Aligning the heart and mind – Hobart and William Smith Colleges \
The HWS Update

Aligning the heart and mind

Assistant Professor of Education Mary Kelly’s EDUC 336 students fostered a strong commitment to public service this past semester. The course, titled “Self-Determination in Special Education,” included an important service-learning component. Kelly’s students worked with high school students with disabilities at Geneva High School with a school-to-work transition program and in special education resource rooms. They also worked with senior citizens with disabilities at the ARC Geneva Senior Center in downtown Geneva, with students in the ARC College Experience program at HWS, and with middle school and high school youth from the Bronx, N.Y.

This was Shanelle France ‘11’s first service-learning experience.  “While taking this course, I realized that there is a vast difference between volunteering and service-learning,” she explains.  “With volunteering, one can go in, do the work, and leave, but an imperative aspect of service-learning is the reflection process, which allows the mind to slow down, and for the heart and memory to align in order to assess the impact on others and on oneself.  My preconceived notions, concepts and ideas were challenged at times, fortified at others and overall broadened and opened to alternative perspective and opinions.”

All of the projects involve work with individuals with disabilities to tell their own stories through digital technology – whether video, PowerPoint, or online multimedia – and to enhance self-advocacy skills and practices. For example, as part of their service learning activities, Alysa Law ’11, Kyle Sinkoff  ’10, Alexandra Connell ’10, Kelliann Reeland ’09, Kelly Peneston ‘11 helped students develop multimedia presentations about their lives and for their special education planning meetings.

Class Project

Shavonne Ward  ’09, Carolyn Pluchino ’10, and Hannah Sprague ’10 assisted with a Geneva High School School-to-Work Transition program with high school students with disabilities both in school and in their internships, and helped students develop self-advocacy presentations about their internships experiences. One high school student, along with her college student mentor, gave a presentation at the Geneva Rotary Club meeting at the end of April in order to raise awareness about the employment needs of youth with disabilities in the Geneva community.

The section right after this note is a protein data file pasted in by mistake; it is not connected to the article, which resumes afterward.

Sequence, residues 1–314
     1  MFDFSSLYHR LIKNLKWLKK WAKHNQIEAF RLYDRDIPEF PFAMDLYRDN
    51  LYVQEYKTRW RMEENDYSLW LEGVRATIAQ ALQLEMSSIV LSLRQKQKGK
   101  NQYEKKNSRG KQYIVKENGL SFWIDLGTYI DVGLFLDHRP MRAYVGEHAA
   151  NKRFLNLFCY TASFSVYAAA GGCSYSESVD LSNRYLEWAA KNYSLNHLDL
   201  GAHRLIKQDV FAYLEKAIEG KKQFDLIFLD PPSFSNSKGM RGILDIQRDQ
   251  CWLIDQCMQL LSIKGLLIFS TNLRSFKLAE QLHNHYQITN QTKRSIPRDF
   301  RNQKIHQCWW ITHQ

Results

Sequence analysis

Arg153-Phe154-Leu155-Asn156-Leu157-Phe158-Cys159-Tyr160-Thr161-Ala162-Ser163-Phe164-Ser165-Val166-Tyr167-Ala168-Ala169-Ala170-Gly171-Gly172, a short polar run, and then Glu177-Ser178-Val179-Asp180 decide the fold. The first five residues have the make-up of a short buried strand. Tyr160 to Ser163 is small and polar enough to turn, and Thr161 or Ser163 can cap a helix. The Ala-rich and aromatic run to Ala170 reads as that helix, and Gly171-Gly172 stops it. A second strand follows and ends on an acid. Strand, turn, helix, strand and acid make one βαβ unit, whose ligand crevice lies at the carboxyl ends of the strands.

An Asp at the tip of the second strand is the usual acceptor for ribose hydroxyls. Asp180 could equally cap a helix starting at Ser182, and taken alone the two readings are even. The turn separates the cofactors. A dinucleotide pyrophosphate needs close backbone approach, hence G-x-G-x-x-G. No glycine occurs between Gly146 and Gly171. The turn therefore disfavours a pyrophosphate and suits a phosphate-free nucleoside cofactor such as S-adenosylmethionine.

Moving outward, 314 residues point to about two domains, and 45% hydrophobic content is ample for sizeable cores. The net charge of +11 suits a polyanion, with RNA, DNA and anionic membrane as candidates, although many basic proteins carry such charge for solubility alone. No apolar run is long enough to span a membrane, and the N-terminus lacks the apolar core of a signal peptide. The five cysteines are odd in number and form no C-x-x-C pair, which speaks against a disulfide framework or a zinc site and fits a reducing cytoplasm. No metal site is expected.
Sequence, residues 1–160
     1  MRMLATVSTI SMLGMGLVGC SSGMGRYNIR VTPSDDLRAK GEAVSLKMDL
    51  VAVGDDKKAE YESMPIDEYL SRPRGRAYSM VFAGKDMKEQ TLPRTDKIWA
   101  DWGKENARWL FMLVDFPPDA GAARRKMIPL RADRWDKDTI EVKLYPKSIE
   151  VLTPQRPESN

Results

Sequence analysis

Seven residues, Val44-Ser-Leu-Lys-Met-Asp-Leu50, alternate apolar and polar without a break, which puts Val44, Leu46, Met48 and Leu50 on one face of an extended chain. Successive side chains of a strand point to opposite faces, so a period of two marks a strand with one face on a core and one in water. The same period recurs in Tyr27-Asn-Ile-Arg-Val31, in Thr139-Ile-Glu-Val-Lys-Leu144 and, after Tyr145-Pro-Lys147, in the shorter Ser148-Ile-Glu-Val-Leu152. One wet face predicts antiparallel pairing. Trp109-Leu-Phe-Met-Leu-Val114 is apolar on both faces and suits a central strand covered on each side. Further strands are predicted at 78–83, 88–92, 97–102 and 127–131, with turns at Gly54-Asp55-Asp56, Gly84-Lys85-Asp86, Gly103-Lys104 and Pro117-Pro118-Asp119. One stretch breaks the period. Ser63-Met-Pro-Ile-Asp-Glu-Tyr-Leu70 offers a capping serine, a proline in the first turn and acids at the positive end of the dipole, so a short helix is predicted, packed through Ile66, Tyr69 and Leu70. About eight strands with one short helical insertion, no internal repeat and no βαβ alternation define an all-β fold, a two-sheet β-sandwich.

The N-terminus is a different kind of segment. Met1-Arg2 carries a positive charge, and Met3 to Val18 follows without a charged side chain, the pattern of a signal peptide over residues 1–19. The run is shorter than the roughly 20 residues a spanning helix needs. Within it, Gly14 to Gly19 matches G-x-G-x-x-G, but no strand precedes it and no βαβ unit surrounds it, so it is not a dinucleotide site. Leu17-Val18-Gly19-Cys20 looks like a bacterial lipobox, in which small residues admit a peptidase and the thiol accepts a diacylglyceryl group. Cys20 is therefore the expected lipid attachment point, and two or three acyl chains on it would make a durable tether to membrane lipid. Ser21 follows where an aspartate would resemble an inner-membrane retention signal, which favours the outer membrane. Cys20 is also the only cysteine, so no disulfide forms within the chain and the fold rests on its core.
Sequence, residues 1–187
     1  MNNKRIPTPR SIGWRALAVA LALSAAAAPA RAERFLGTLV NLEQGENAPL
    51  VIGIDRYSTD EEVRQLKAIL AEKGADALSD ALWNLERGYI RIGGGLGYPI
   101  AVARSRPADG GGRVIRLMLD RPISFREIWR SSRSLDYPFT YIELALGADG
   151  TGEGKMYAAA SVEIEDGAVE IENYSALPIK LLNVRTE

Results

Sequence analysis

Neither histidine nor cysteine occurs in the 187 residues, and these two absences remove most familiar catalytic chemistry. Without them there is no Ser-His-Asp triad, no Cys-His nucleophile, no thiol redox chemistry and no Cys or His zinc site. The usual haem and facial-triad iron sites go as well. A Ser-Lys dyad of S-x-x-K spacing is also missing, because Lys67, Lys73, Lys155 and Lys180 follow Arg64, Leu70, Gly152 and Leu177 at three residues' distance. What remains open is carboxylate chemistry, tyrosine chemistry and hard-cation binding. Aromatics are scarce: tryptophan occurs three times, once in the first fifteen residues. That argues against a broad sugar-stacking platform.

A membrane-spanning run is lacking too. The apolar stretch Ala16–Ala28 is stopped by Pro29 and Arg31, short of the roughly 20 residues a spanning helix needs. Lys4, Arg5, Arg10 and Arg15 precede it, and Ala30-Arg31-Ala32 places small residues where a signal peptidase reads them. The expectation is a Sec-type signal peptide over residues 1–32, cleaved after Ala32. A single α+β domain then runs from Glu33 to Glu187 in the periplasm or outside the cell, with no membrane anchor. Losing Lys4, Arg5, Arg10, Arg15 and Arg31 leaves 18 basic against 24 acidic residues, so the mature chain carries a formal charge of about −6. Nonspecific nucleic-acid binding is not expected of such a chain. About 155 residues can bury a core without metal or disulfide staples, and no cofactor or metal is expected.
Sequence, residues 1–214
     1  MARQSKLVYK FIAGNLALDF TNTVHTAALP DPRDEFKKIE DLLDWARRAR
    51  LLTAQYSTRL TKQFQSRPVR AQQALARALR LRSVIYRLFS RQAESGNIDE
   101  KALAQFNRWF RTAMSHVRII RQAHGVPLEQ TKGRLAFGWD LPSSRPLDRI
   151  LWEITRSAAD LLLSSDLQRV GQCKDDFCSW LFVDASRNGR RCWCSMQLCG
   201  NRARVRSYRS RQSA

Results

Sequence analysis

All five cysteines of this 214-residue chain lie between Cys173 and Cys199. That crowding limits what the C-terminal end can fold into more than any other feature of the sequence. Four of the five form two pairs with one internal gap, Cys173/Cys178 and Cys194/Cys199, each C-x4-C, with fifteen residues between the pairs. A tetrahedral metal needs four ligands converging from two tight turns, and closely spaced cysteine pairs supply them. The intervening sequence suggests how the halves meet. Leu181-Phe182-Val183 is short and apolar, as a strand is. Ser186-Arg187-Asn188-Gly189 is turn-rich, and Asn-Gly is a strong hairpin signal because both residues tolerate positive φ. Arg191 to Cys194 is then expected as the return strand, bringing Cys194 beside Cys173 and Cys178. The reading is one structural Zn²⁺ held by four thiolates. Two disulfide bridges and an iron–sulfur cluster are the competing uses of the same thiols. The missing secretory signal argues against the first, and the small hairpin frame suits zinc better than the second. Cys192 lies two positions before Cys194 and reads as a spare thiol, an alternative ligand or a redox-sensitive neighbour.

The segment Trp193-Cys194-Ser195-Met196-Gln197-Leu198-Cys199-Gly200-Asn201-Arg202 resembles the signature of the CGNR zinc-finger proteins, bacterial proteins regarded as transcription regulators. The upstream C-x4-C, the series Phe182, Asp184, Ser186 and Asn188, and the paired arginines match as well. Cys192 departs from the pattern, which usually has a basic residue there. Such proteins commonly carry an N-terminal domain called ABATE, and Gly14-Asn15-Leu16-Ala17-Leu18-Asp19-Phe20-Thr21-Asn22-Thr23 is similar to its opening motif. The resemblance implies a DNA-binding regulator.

In other service learning projects, students worked individuals with developmental disabilities from the Ontario ARC at two sites – the Geneva Senior Center in downtown Geneva and the HWS College Experience. Nick Georgitseas ’10 and Alex Williams ’09 worked with individuals at the Senior Center on a variety of activities including developing self-advocacy presentations with individuals to share about hopes and dreams and interests.  


At the ARC College Experience program, Nora Devine-Carter ’11, Denisse Polanco ’11, and Chuan “Jenny” Wu ’12 developed an arts curriculum to teach individuals about visual, performance, and 3-D art expression. Kailey Chidester ’10 and Amanda Stern ’09 developed a video about shared and differing experiences with college life. Emily Pelo ’10 and Laura Harrington-Knopf ’10 worked with the college experience students on a series of videos about community internship programs.


Zaira Augusto ’11, Katrina Havrish ’10, and France facilitated a two-day digital storytelling workshop called “Sharing Youth Voices in March.” The Sharing Youth Voices digital storytelling workshop aimed to encourage and inspire middle school and high school students, with and without disabilities, through technology, digital storytelling, and self-advocacy. Middle and high school students, with their college mentors, created and shared digital stories that explored important and meaningful topics like global warming, neighborhood identity and pride, discrimination and judgment, cursing among children, musical expression, and dance.  


“I find the impact much more long-lasting and pertinent when I hear personal experiences from the people themselves.  Hearing the stories and opinions from the voices of children was such an enriching and encouraging experience,” reflects France.  “Every speaker has left such a powerful and moving impact on my experience both as a soon-to-be teacher.  I feel so blessed to have been given the chance to have heard firsthand from a number of individuals and from varied perspectives.”